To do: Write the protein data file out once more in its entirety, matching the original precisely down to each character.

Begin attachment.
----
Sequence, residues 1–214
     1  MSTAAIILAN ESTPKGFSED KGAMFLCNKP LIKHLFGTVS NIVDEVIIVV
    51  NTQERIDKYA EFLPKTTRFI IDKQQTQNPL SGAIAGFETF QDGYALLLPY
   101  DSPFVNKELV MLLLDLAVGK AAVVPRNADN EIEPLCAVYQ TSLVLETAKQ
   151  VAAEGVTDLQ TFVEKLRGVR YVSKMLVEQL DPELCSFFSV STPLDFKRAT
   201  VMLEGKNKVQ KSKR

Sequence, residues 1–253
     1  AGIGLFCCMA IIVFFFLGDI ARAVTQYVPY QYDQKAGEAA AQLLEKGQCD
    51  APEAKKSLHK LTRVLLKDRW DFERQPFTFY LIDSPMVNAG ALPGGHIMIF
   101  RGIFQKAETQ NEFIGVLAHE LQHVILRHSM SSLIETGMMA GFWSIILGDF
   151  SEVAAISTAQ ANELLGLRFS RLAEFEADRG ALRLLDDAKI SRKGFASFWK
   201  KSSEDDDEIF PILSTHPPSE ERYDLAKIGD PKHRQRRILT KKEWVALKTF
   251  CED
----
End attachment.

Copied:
Sequence, residues 1–214
     1  MSTAAIILAN ESTPKGFSED KGAMFLCNKP LIKHLFGTVS NIVDEVIIVV
    51  NTQERIDKYA EFLPKTTRFI IDKQQTQNPL SGAIAGFETF QDGYALLLPY
   101  DSPFVNKELV MLLLDLAVGK AAVVPRNADN EIEPLCAVYQ TSLVLETAKQ
   151  VAAEGVTDLQ TFVEKLRGVR YVSKMLVEQL DPELCSFFSV STPLDFKRAT
   201  VMLEGKNKVQ KSKR

Sequence, residues 1–253
     1  AGIGLFCCMA IIVFFFLGDI ARAVTQYVPY QYDQKAGEAA AQLLEKGQCD
    51  APEAKKSLHK LTRVLLKDRW DFERQPFTFY LIDSPMVNAG ALPGGHIMIF
   101  RGIFQKAETQ NEFIGVLAHE LQHVILRHSM SSLIETGMMA GFWSIILGDF
   151  SEVAAISTAQ ANELLGLRFS RLAEFEADRG ALRLLDDAKI SRKGFASFWK
   201  KSSEDDDEIF PILSTHPPSE ERYDLAKIGD PKHRQRRILT KKEWVALKTF
   251  CED